Essential tips for managing your mental health as a new mother

Maternal mental health 2
Expecting and New Parents

Essential tips for managing your mental health as a new mother

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The arrival of a new baby is generally portrayed as a time of joy and excitement. And usually it is. However, for some new mothers, the postpartum period can also bring about a complex mix of emotions, including anxiety, depression, and stress, as they adjust to the demands of motherhood.

In fact, 85% of new mothers experience some type of mood disturbance during the postpartum period. Managing mental health during this time is important for both the wellbeing of the mother and the baby.

Here are practical tips for postpartum women to help maintain and manage their mental health and mood, as they care for their new baby.

Recognise normal emotional fluctuations

It’s common to experience a wide range of emotions after childbirth. Recognising that these fluctuations are normal can help you to cope with feelings of sadness, anxiety, or irritability, commonly known as the ‘baby blues.’ Baby blues are so common that it’s considered a normal part of the postpartum experience and is usually resolved within two weeks of childbirth.

However, if these feelings intensify or do not fade after a couple of weeks, it may indicate something more serious like postpartum depression. If you feel your mood and mental health is seriously affected, you should reach out to your GP for help.

Establish a support system

Having a strong support system can be a lifeline during the postpartum period. A strong support network of family, friends, and healthcare professionals, can provide emotional and practical help for you, helping to reduce feelings of isolation and overwhelm. This support could include helping with household tasks, offering childcare, or simply providing a listening ear. Such support is very helpful in preventing postpartum depression and anxiety, ensuring that new mothers don’t feel alone during this period.

Prioritise rest and sleep

Sleep deprivation can significantly affect mental health, making it crucial for postpartum mothers to prioritise rest. Whilst it’s challenging with a newborn, taking short naps while your baby sleeps is really important for both of you. If you do have a partner, family or friends on hand to help out to watch the baby whilst you rest, take up the offer and get your sleep wherever possible.

Practice self-care

Self-care is not just beneficial; it’s essential. Simple activities like taking a warm bath, reading, or practicing meditation can provide significant mental relief. Exercise can also play a crucial role in improving mood and reducing symptoms of depression, so gentle physical activities like walking or postpartum yoga can be highly beneficial for you and your wellbeing. Find what works for you and try to make the time that fits in with you and baby’s schedule.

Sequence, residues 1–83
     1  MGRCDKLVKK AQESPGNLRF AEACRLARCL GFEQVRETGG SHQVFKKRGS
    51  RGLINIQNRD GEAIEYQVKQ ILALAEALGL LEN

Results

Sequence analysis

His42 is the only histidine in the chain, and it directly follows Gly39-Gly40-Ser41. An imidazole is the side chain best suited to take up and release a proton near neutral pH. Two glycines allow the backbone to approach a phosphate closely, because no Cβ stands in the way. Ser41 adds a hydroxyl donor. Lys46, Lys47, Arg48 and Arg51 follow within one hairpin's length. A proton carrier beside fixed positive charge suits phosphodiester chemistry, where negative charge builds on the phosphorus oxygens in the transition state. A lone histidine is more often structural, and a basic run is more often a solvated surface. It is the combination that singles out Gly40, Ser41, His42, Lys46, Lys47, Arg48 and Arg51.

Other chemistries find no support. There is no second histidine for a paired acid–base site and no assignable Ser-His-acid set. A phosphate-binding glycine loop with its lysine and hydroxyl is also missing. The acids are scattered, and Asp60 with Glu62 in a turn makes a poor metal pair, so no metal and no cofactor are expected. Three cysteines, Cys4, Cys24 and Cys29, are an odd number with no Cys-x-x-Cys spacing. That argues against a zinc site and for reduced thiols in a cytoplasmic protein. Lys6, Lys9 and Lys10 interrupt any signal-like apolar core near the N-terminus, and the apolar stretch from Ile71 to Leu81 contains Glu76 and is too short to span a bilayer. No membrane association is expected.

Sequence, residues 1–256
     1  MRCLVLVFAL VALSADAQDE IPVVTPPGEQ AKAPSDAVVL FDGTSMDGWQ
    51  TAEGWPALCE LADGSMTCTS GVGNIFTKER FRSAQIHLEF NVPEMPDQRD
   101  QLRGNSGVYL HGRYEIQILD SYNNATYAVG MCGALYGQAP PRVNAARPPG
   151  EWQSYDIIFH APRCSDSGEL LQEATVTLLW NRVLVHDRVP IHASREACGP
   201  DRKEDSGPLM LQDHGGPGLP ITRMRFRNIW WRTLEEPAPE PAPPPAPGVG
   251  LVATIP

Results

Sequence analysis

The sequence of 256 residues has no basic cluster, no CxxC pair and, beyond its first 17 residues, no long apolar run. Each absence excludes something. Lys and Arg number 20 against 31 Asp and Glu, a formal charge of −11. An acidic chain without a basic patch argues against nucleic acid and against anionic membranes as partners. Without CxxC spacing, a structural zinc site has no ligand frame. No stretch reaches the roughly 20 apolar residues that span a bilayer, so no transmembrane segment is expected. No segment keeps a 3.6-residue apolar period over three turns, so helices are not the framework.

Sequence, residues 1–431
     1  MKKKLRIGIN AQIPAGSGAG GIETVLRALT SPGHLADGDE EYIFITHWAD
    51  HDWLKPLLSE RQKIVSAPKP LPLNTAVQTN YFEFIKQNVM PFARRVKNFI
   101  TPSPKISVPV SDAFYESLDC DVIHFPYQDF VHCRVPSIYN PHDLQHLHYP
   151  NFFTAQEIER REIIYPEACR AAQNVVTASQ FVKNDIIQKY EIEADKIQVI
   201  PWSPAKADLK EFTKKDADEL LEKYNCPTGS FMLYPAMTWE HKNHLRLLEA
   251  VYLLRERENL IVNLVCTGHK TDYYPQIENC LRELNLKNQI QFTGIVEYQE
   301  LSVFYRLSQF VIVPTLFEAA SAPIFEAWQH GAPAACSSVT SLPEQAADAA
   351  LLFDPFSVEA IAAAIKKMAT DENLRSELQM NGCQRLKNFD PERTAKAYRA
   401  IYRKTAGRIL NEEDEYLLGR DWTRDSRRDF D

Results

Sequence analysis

Maintain a healthy diet

Proper nutrition helps you as a new mother recover from childbirth, supporting your physical health and emotional wellbeing. Eating a balanced diet rich in vitamins, minerals, and proteins aids in healing, boosts energy levels, and supports lactation for breastfeeding mothers. Essential nutrients like iron and calcium are particularly important to replenish after pregnancy and omega-3 fatty acids, found in fish and flaxseeds, are particularly beneficial for mood regulation. Nutrition impacts energy levels and mood, so make sure you’re getting enough of the right foods and supplements.

Set realistic goals

Setting achievable goals for your day can prevent feelings of inadequacy and overwhelm. Try to break larger tasks into smaller, manageable steps and celebrate small victories – whether it’s finishing a new book or getting some work done. This approach can help maintain a sense of accomplishment and control.

Limit social media

While social media can be a source of support, it can also create pressures and unrealistic expectations about motherhood. Limiting time on social media can help focus more on yourself and your own personal wellbeing, rather than comparing yourself to others. Put a cap on your phone for how long you can spend on Instagram and other apps, to remind you to switch off periodically.

Keep a journal

Writing down thoughts and feelings can be a therapeutic activity for many new mothers. Keeping a journal allows you to express emotions constructively and can serve as a tool for reflection and processing feelings. It’s also a nice activity to wind down at the end of the day and can help you relax and decompress.

Seek professional help

If emotional difficulties persist, seeking professional help is crucial. Therapists and counsellors specialising in postpartum mental health can offer effective strategies and treatments, including therapy and medication if needed. Regular check-ups with a healthcare provider can also help you to look after your wellbeing and identify whether you need any further support.

Remember, seeking help is a sign of strength, not weakness, and taking steps to care for your mental health and wellbeing is beneficial for you, and the entire family.